Jessica, one of New York City Children’s Theater’s amazing teaching artists, tells us how her teaching style changed in the ARC classroom – for the better!
My work with ARC this year raised my awareness of how effective a routine at the beginning and end of each session could be. For me this was using the dance participatory “Big Hello” and “Big Goodbye” songs along with yoga breaths. The students counted on these activities and once they learned them, they would start them without me.
The students would often want to take idea of routine to the extreme, wanted to do the exact same activities week after week. As a seasoned teaching artist, I take preparation and lesson planning seriously. I normally plan out new creative explorations for each week. It has always been important to me to think of new and fun activities to introduce to the students, and yet, the students at ARC desperately wanted to repeat exactly what they had done the week before.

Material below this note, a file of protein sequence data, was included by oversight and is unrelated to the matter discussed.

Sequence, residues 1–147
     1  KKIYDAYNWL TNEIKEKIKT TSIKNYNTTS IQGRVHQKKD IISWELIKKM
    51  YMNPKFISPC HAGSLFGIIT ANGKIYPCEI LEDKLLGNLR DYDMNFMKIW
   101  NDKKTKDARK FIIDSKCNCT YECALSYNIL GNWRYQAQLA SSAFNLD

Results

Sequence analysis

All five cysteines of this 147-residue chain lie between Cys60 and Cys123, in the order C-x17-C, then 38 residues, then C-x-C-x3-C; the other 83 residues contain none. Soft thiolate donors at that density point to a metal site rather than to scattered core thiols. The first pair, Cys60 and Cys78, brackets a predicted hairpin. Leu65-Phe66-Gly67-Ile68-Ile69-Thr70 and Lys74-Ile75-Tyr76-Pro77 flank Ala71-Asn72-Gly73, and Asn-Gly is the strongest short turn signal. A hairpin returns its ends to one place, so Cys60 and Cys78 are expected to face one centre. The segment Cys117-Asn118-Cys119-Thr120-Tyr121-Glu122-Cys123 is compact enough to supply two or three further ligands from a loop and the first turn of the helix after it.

Finally, I realized I needed take in what is actually happening in the room. Were the students asking for a certain activity because it made them feel safe, calmed them down, or made their voices heard? Was it okay to go along with their requests or should I follow my carefully crafted plan?
I did my best to say yes as much as possible to the students while continuing to keep them safe and challenging them with some new activities.
In the end, I found that it was most useful to become flexible with my plan. I would choose one or two new activities and frame them in a way that excited the students “to learn a new game.” I would often take down a list of the students suggestions for what activities they wanted to do after we finished what I had planned for the session. I made no promises and stated that “if we did not get to something this week, there is always next week” and reminding students that they can always get friends together to play the theatre games that they learned with me.
I did my best to say yes as much as possible to the students while continuing to keep them safe and challenging them with some new activities. This pared with the beginning and end “routine” provided the students with enough structure to feel supported and enough freedom to explore. In the end I realized that rigidity in lesson plans is actually egotistic, and having flexibility to hear students voices creates an environment where they have ownership.
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